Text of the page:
Connecticut U.S. Senator Richard Blumenthal said Democrats remain implacably opposed to the Republicans’ latest version of health care reform. A rewritten bill was released Thursday, in an effort to bring on board wavering senators from both conservative and moderate wings of the Republican party.
But Blumenthal said as far as he’s concerned, they’ve made the bill even worse.
"We’re going to continue to fight," he told a news conference Friday. "Never underestimate the Republican leadership, particularly Majority Leader Mitch McConnell. We expect that we are in for a fight next week, and we are mobilizing every constituency, every individual, every professional group that can bring its weight to bear."
He said McConnell will try to bring a vote on Tuesday to allow a formal debate on the bill.
The leader is hoping that the offer that the bill can be amended will be enough to sway critics in his own party.
But Blumenthal said he hopes wavering Senators won't take the bait.
"The amendments are futile," he said. "This measure is so deeply flawed, it is truly rotten to the core. And that’s why we need to fight the effort to go forward on the motion to proceed, and kill this measure now. And then be able to come together on a bipartisan basis."
Blumenthal said he’s most concerned that the legislation would gut the Medicaid program, leaving many lower income people without health care options.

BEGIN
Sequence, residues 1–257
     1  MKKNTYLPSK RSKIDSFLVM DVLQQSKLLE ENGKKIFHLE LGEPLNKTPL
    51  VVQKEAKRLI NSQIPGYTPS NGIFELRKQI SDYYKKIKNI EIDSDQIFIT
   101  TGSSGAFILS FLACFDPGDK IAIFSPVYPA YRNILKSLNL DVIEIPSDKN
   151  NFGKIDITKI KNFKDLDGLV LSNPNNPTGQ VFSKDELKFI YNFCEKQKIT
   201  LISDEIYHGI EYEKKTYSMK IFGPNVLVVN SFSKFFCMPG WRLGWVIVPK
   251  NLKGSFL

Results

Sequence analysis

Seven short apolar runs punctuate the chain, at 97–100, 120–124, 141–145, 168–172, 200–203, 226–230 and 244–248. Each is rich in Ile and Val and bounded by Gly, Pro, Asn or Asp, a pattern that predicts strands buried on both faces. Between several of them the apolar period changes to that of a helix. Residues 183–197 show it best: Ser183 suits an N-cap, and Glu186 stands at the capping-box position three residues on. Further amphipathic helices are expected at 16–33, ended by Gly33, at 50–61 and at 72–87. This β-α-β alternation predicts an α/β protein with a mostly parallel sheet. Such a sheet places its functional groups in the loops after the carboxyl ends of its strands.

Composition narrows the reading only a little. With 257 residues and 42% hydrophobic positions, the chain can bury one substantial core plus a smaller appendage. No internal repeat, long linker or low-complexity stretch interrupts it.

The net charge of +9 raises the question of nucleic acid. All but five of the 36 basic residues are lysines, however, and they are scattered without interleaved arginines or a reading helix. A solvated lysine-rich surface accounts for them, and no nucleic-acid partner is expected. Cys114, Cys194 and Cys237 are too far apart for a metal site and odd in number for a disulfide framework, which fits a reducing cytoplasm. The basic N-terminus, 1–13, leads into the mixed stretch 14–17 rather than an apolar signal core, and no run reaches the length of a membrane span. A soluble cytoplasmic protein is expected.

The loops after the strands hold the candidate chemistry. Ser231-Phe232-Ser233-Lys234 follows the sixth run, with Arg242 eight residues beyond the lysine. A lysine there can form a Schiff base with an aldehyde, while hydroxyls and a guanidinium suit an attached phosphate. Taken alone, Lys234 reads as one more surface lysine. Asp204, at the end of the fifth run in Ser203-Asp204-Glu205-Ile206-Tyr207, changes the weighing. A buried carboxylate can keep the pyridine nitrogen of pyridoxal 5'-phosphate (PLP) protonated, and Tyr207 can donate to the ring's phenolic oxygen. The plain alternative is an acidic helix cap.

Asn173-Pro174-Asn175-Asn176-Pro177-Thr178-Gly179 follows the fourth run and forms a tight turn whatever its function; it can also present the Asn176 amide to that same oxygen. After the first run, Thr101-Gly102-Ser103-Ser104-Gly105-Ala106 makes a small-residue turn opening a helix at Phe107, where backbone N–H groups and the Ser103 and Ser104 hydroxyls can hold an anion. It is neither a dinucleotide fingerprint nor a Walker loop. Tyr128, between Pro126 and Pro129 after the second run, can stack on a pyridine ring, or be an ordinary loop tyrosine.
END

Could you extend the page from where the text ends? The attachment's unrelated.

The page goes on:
Meanwhile, experts in the field say changes to the Republicans’ repeal bill could make life even more difficult for state exchanges like Connecticut’s.
This latest iteration of the Senate health care bill is supposed to bring on board both hard line conservatives and more moderate Republicans who had problems with the initial drafting.
It includes a version of what’s come to be known as the Cruz amendment, first floated by Texas senator Ted Cruz.
“So I think it really could undermine what the exchanges are doing,” said Rosemarie Day, of Day Health Strategies, a Massachusetts based consulting company.
She said the Cruz idea, to allow insurers to sell cheaper, stripped down plans to healthier people on the individual market, will mean only sicker, more expensive people remain on the state exchanges like Access Health Connecticut, that sell plans compliant with the higher standards of the Affordable Care Act.
Day said insurers don’t like the idea.
"They are running their numbers and saying you would indeed see insurance prices go up in the individual market because of this bifurcation of the risk pool," she said. "So people who have pre-existing conditions or who are just a little bit older would see their insurance prices go up."
But it’s not only the exchanges that could see an impact.
Day said other provisions that are still part of this bill will start to have an effect on people insured through their employers.
"The erosion of protections for people with pre-existing conditions and even getting at what are now prohibited caps on lifetime limits -- that trickles into folks who may think they’re protected because they have employer sponsored insurance," she said. "They aren’t on Medicaid, they aren’t buying through the exchanges, and yet a lot of these things in the Senate bill will have a ripple effect to folks who again may think they’re protected now, and they will lose some of those protections."
A score from the non-partisan Congressional Budget Office estimating the impact of the bill is expected Monday.